UNE Receives $1.5 million to develop rural physician assistant training program

A number of health care preceptors pose for a photo against a slideshow
Several Penobscot Community Health Care preceptors stand with, from left, UNE's Jennifer Gunderman-King, Toho Soma, and Micaela Maynard.

Maine’s only physician assistant (PA) program has received significant financial support from the federal government to prepare graduates for careers in rural areas, where the vital health care needs of residents are often unmet.

The Master of Science Physician Assistant (M.S.P.A.) program at the University of New England, the only program of its kind in the state, has received $1.5 million from the Primary Care Training and Enhancement (PCTE) Program of the Health Resources and Service Administration (H.R.S.A.) to establish the UNE PCTE-Rural PA Program.

The program aims to increase the number of primary care practitioners who are ready to practice in and lead the transformation of health care systems aimed at improving access, quality of care, and cost effectiveness in rural areas. Further, the newly funded program will focus on training PA students on health needs of rural, underserved populations and working within interprofessional teams to address those needs.

UNE has a long history of educating and placing its PA students and graduates in rural areas across Maine and New England and maintains strong ties with multiple rural providers and provider associations in the region.

Dennis Brown Dr.PH., M.P.H., P.A.-C., DFAAPA, director of the M.S.P.A. program at UNE, will serve as principal investigator, and UNE’s Center for Excellence in Public Health (CEPH) will oversee program management, curriculum development, and evaluation.

The UNE PCTE-Rural PA Program will build on lessons learned from a recently completed PCTE initiative — also a H.R.S.A. awarded grant — in which health professions students and practicing professionals received training in a variety of primary care and population health competencies using an interprofessional approach.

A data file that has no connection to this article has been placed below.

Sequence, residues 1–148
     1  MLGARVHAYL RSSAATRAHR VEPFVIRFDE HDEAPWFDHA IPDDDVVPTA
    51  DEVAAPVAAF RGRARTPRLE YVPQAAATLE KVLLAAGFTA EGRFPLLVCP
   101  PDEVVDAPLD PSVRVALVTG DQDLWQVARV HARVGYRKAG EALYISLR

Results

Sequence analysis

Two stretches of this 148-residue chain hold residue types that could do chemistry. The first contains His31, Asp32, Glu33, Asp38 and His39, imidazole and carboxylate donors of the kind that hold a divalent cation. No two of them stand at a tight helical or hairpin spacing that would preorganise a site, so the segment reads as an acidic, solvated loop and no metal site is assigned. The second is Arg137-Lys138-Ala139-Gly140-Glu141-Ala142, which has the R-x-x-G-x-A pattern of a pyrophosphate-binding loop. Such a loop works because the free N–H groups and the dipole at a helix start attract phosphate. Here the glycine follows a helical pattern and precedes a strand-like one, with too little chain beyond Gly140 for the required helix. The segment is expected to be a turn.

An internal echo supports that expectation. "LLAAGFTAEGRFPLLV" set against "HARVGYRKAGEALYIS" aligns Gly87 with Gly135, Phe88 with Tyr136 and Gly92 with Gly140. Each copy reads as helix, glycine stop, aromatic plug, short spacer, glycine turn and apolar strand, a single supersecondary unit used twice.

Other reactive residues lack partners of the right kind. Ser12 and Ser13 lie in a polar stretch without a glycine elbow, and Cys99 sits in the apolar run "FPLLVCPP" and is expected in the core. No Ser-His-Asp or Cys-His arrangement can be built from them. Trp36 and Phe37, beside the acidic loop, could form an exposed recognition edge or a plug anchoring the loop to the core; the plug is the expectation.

The previous grant, awarded in 2016, provided financial awards to 30 UNE PA students to complete clinical rotations at two federally qualified health centers, Penobscot Community Health Care (PCHC) and HealthReach Community Health Centers.

The grant also trained 171 other UNE students from UNE’s College of Osteopathic Medicine, College of Dental Medicine, and School of Pharmacy and 31 preceptors from the two clinics. Among PA students who participated, 73% currently work in Maine, 31% work in primary care, and 23% work in a rural area. Additionally, PCHC has hired 4 UNE PA alumni since the grant’s inception.

“Through successful partnerships with Penobscot Community Health Care and HealthReach Community Health Centers, we were able to provide PA students a longitudinal interprofessional experience in primary care based in rural and underserved Maine,” said Melanie Caldwell, M.S., PCTE project manager. “Students expressed a greater desire to work in primary care following their experiences with the PCTE program, which is wonderful for the state and aligns with UNE’s mission.”

Brown, the M.S.P.A. program director, said the latest PCTE grant will use lessons learned from the previous one to enhance preceptors’ abilities to teach UNE’s PA students — in turn creating new and distinct learning opportunities for students.

“This new program will immerse students into the uniqueness of rural primary care, medication-assisted treatment, and telehealth,” Brown remarked. “Because of the training process for PAs, they can enter the workforce immediately following graduation, licensure, and passing of the national certifying exam, which means a shorter turnaround and better-prepared clinicians who are able to meet the health care needs for rural Maine."